Now, I've worked my way through this collection concurrently with David Foster Wallace's A Supposedly Fun Thing I'll Never Do Again, and I couldn't think of a more illuminating contrast. Both artists reside within a tiny honored circle of American essayists. Both artists, per William Strunk's instruction, labor to omit needless words. Both artists ask that every word tell. But Wallace crams his sentences full of meaning, each written as though it would be his last and only, while E.B. White seems to let some sentences breathe the open air. What's more, Wallace often mercilessly whips his essay, even his day-to-day accounts, in pursuit of his philosophical rabbit. He is as methodical as the baseline tennis player of his teenage years, piling precise sentence on sentence, calculating and increasing the advantageous angles, till triumph is inevitable. E.B. White seems, by contrast, to be at times an amnesiac playing billiards with one hand: scattering the balls, then studying them, judging their position anew, and firing away.

    In his missives from Maine, for instance, White will digress into accounts on the weather, reports on egg production, measurements of snowfall and the tides, before meandering to his point. But when White finally finds the balls aligned to his liking, he strikes with such a devastatingly beautiful, caroming shot! Consider his essay, Death of a Pig, filled with mournful puns (such a thing is possible!), portraits of gruff veterinarians and sympathetic neighbors, explanations of his farm's terrain. It seems a sweet, orchard-smelling essay, but comes around to a gorgeous and devastating final sentence comparing the curious spirit of his daschund Fred and the haunting regret he, as a failed caretaker, feels at his pig's inescapable death: The grave in the woods is unmarked, but Fred can direct the mourner to it unerringly and with immense good will, and I know he and I shall often revisit it, singly and together, in seasons of reflection and despair, on flagless memorial days of our own choosing. Even pulled from context, the lovely pace and light, precise kiss of this sentence takes away your breath. Within the slow, sad, wandering story, it is devastatingly melancholic.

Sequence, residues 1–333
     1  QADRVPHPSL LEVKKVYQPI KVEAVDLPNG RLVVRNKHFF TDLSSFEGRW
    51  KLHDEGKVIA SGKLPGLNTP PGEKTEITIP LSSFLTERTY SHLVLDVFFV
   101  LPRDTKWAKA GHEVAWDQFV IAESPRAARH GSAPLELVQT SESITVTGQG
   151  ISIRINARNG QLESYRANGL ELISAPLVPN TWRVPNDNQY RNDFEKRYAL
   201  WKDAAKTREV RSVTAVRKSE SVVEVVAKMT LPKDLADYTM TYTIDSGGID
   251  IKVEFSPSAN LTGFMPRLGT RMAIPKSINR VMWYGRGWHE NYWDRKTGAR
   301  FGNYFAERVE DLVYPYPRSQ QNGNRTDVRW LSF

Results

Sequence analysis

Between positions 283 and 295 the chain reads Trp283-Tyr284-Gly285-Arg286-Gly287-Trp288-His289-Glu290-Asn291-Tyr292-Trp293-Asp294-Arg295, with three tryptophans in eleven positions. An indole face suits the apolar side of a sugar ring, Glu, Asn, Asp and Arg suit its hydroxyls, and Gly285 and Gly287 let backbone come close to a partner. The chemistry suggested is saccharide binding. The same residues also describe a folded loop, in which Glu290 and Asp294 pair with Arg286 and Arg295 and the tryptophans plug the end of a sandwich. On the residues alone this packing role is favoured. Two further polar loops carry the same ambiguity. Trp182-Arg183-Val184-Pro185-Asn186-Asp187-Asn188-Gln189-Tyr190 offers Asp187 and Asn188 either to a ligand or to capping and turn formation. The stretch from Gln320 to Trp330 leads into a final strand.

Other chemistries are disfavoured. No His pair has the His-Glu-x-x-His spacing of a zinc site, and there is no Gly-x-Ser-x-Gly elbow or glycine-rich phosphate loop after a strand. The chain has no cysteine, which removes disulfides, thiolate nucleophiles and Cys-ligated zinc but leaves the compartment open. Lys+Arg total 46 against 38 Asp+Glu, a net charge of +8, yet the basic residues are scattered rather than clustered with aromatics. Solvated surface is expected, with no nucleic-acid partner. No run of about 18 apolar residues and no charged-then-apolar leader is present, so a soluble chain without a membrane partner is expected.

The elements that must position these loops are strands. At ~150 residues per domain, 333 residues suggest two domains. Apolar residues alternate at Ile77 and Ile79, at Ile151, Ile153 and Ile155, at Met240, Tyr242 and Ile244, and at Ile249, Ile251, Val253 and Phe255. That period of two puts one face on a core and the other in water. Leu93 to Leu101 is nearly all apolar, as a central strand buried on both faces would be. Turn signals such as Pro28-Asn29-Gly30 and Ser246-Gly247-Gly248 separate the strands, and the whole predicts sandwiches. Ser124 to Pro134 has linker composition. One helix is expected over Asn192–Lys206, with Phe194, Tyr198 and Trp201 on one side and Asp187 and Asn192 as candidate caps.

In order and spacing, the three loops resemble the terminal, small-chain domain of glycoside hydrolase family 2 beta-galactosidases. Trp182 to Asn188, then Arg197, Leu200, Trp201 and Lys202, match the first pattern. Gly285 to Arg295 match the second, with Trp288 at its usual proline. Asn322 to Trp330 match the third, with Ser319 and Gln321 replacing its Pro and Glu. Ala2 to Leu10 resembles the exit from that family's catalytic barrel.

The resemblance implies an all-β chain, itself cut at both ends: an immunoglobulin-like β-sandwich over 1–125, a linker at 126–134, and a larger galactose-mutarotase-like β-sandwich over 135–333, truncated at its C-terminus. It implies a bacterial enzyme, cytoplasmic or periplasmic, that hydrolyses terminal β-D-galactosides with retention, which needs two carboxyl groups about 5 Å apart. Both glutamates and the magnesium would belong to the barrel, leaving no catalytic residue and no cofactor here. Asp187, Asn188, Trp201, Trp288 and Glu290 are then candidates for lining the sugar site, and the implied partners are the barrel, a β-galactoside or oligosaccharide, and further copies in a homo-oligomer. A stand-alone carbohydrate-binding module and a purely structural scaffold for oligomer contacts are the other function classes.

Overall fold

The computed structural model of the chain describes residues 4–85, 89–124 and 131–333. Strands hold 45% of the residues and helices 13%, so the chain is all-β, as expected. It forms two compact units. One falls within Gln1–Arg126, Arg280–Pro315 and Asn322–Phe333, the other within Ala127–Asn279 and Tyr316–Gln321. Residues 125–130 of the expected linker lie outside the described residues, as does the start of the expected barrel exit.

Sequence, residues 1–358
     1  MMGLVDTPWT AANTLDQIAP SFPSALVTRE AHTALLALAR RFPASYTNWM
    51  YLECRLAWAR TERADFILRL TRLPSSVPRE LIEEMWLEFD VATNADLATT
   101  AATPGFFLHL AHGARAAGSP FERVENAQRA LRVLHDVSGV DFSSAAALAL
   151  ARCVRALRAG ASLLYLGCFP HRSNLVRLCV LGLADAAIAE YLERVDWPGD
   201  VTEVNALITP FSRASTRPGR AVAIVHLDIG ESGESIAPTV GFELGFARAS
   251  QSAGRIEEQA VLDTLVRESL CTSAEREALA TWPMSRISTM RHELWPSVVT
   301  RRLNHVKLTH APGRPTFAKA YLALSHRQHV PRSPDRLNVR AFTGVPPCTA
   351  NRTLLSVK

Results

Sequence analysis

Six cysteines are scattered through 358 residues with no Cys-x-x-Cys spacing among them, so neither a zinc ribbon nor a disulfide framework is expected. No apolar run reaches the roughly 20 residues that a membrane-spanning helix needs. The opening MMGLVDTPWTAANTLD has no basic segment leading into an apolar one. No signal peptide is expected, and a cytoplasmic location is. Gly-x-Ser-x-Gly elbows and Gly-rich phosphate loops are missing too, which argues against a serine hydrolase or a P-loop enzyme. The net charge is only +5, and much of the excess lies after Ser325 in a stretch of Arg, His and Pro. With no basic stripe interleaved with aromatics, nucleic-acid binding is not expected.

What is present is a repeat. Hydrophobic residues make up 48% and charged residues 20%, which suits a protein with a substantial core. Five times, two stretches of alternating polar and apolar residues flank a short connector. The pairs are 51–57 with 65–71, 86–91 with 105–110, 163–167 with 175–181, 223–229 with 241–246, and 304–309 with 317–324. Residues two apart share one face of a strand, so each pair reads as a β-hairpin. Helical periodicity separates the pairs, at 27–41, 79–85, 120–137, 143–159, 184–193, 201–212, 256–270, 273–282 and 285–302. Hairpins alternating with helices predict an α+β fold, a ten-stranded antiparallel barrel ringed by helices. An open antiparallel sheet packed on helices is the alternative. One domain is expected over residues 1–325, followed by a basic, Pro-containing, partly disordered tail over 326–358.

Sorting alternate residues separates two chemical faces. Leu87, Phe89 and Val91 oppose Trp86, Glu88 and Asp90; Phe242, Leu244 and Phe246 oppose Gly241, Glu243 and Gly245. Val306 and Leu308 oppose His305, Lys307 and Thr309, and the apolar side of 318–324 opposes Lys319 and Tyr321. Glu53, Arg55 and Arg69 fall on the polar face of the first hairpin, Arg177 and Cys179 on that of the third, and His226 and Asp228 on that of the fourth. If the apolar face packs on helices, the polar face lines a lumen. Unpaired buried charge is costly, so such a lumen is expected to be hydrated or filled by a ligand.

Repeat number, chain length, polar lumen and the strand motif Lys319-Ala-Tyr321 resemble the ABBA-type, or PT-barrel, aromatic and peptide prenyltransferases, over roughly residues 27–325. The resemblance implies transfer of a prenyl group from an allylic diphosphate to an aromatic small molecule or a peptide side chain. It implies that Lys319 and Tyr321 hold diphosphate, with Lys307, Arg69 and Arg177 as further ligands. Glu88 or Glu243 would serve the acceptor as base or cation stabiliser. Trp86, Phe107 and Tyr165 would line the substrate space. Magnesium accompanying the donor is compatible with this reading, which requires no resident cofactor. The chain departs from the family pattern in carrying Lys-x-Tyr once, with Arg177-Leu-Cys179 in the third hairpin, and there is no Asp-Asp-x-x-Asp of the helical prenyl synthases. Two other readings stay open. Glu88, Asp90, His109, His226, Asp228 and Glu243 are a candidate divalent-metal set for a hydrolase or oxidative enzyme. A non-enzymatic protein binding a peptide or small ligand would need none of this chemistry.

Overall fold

Or, consider the lively and humorous essay on the 1939 World's Fair in Queens, NY, which pokes gentle fun at the antiseptic world of tomorrow. And at the end, the essay arrives the peculiar image of a couple of bare-breasted Amazon girls sitting in a robot automaton's giant rubber palm: a silly image, ripe for the simple, sly irony and gentle humanism that characterizes an essay filled with tots making long distance phone calls, cracks about the rainy weather. But White opts, in the last sentence, to just put aside the nibbles of soft irony and just take one voracious bite. And so, from nothing: Here was the Fair, all fairs, in pantomime; and here the strange mixed dream that made the Fair: the heroic man, bloodless and perfect and enormous, created in his own image, and in his hand (rubber, aseptic) the literal desire, the warm and living breast.

    And just one more, to really amaze you, the final two paragraphs of an essay ostensibly about Ford's discontinuation of the Model T line, the car of White's (and, in a sense, modern America's) youth:

    Springtime in the heyday of the Model T was a delirious season. Owning a car was still a major excitement, roads were wonderful and bad. The Fords were obviously conceived in madness: any car which was capable of going from forward into reverse without any perceptible mechanical hiatus was bound to be a mighty challenging thing to the human imagination. Boys used to veer them off the highway into a level pasture and run wild with them, as though they were cutting up with a girl....

    The days were golden, the nights were dim and strange. I still recall with trembling those loud, nocturnal crises when you drew up to a signpost and raced the engine so the lights would be bright enough to read destinations by. I have never been really planetary since. I suppose it's time to say good-bye. Farewell, my lovely!

    Well, what about that!

  6. Rebecca McNutt Rebecca McNutt says:

    From the author of Charlotte's Web, this collection of essays is as powerful as it is original, and definitely a classic in every sense of the word.

  7. Cheryl Cheryl says:

    Especially for Mr Forbush's Friends....
    -----------